5 things to know for your new day -- Tuesday, August 11

(CNN)Another tense day and night in Ferguson. A Colorado river turns orange. And Google learns some new ABCs.

It's Tuesday, and here are five things to know for your new day.

FERGUSON

    More unrest: A state of emergency. Acts of civil disobedience. And frozen water bottles. That pretty much sums up the day in Ferguson, one day after the one-year anniversary of Michael Brown's death and a night of unrest that left the city on edge. That violence led a top St. Louis county official to declare a state of emergency yesterday, while protesters marched in downtown St. Louis and temporarily blocked an area interstate. Later in the evening, a peaceful protest in Ferguson devolved into chaos after police said frozen water bottles were thrown at officers.
    Violence, gunfire erupts during Ferguson protests
    Violence, gunfire erupts during Ferguson protests

      JUST WATCHED

      Violence, gunfire erupts during Ferguson protests

    MUST WATCH

    Violence, gunfire erupts during Ferguson protests 02:09

    NEW MEXICO DEATHS

    Tragic hike: David and Ornella Steiner died last week while hiking in the desert, but managed to keep their son alive by giving him extra water. That's what New Mexico authorities believe happened. The Steiners apparently were underprepared for a desert hike in White Sands National Monument on a 100-degree day, bringing only two bottles of water (the park advises hikers to carry 1 gallon per person). The couple's 9-year-old son was found next to his father's body, dehydrated but alive. The parents reportedly gave their son twice as much water to drink than they consumed, contributing to his survival.
    Couple dies hiking in New Mexico desert
    couple dies hiking in new mexico desert dnt_00002905

      JUST WATCHED

      Couple dies hiking in New Mexico desert

    MUST WATCH

    Couple dies hiking in New Mexico desert 01:40

    RIVER SPILL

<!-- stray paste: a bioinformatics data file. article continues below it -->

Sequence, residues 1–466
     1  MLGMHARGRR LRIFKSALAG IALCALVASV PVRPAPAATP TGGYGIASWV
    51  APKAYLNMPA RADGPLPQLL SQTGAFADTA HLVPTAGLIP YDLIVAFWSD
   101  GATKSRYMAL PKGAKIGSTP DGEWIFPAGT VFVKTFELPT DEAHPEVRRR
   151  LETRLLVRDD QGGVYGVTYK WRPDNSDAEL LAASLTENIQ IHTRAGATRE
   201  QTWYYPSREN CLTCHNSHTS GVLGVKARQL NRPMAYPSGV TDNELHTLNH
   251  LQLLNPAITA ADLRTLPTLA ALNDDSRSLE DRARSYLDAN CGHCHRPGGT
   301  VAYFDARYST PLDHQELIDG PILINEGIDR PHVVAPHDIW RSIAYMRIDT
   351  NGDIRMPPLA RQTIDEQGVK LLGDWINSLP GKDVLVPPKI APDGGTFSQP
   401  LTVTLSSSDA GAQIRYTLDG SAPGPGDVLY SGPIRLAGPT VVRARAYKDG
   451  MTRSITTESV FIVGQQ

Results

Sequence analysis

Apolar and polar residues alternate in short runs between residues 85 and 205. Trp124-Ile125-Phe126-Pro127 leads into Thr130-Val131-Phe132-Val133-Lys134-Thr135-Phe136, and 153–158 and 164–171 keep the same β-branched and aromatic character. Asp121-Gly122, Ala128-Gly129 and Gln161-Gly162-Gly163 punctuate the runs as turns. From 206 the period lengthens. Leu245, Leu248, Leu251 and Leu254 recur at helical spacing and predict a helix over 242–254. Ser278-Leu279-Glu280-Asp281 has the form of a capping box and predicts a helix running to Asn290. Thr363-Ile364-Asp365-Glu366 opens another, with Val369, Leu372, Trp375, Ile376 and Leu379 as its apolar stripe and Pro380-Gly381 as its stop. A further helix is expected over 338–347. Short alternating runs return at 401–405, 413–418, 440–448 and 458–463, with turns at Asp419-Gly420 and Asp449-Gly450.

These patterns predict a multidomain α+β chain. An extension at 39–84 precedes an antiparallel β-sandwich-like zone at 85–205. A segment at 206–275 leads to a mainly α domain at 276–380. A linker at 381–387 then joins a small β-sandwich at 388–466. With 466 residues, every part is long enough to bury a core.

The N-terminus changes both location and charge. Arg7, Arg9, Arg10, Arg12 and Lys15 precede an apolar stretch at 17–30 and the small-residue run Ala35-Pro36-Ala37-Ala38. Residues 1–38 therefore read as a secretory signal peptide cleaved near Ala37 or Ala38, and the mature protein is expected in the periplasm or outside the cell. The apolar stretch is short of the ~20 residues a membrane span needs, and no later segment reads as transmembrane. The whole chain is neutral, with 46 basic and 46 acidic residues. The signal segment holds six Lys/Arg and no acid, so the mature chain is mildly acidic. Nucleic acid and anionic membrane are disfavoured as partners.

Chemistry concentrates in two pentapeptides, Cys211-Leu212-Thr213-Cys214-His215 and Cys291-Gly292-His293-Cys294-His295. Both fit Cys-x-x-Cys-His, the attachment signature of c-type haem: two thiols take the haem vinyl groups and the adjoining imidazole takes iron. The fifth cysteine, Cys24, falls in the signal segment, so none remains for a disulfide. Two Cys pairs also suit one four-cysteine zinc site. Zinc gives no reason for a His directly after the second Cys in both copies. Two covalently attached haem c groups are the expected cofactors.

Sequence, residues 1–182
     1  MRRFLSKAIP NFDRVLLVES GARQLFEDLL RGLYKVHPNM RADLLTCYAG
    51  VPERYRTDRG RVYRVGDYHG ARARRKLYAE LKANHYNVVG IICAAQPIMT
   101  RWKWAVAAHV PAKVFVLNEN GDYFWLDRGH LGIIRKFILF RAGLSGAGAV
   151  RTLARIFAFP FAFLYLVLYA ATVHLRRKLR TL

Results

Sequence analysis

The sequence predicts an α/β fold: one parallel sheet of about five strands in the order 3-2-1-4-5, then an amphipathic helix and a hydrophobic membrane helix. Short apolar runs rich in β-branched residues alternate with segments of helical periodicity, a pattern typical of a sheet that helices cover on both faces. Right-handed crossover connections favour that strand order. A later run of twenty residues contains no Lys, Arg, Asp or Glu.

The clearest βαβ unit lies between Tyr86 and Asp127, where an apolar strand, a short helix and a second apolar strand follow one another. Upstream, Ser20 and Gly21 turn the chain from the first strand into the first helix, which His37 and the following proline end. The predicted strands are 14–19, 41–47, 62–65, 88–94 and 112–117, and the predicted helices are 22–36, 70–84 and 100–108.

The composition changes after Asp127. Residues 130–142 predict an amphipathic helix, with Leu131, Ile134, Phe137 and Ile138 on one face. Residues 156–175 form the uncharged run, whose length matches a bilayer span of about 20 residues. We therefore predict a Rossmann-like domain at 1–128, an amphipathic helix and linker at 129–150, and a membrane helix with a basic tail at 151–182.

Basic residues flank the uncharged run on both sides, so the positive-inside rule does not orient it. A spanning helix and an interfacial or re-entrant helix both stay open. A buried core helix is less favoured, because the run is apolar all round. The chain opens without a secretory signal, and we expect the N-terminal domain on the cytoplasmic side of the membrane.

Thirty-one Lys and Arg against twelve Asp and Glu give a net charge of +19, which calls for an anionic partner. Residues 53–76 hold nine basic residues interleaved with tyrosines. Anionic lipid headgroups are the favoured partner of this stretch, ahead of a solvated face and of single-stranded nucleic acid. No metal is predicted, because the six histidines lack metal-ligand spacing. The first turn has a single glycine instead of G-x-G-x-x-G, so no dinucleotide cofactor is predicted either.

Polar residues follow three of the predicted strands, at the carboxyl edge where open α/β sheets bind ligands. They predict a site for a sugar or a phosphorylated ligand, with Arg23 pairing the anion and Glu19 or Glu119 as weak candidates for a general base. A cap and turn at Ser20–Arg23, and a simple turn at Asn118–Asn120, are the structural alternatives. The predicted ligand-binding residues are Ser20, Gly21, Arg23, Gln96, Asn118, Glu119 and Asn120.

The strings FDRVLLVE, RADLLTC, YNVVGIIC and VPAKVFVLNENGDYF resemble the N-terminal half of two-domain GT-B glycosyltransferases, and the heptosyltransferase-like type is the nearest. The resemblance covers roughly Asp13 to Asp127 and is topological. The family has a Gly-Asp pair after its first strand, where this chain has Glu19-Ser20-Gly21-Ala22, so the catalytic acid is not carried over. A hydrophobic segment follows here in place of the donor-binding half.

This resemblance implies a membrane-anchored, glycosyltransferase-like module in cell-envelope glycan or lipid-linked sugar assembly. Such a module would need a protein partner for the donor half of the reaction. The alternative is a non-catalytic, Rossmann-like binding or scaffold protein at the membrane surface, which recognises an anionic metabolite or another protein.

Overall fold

'A real mess': There's no other way to describe what's happened on the Animas River in Colorado, after the EPA caused 3 million gallons of pollutants to be dumped into the waterway last week. The Animas turned orange as a toxic mix of iron, zinc and copper flowed between its banks. Testing done right after the spill showed pollutants were at "maximum contaminant levels," but those have dropped the past few days. The spill's effect on wildlife and businesses along the river is unclear, but there's already talk of taking legal action against the EPA.
    The Animas River, before and after the spill

    THE UNIVERSE

    Getting old: Studying how the universe ages is such a complex topic, so mind-boggling, that its really hard to break it down where regular folks can understand it. But let astronomer Simon Driver give it a try. "The universe has basically sat down on the sofa, pulled up a blanket and is about to nod off for an eternal doze." Nailed it. Driver led a team that put out a new study that says the universe is dying. Why is this happening? Basically the universe is running out of energy, just like the rest of us. But don't worry about finding a new place to live just yet. The death of the universe won't happen for trillions of years.
    An analysis of electromagnetic energy across many wavelengths shows that the universe's energy output is dropping.

    GOOGLE

    'G is for...': Did Google just recreate the alphabet? Um, no. The Internet behemoth announced yesterday a corporate restructuring that places co-founders Larry Page and Sergey Brin as heads of a new outfit, named Alphabet, that will operate as the parent company for Google and all of its associated products. A new CEO for Google was also named. Page said the change will allow the Alphabet companies to keep some independence and take more risks.
    Google announces major restructuring, names new CEO
    Google announces major restructuring, names new CEO

      JUST WATCHED

      Google announces major restructuring, names new CEO

    MUST WATCH

    Google announces major restructuring, names new CEO 02:34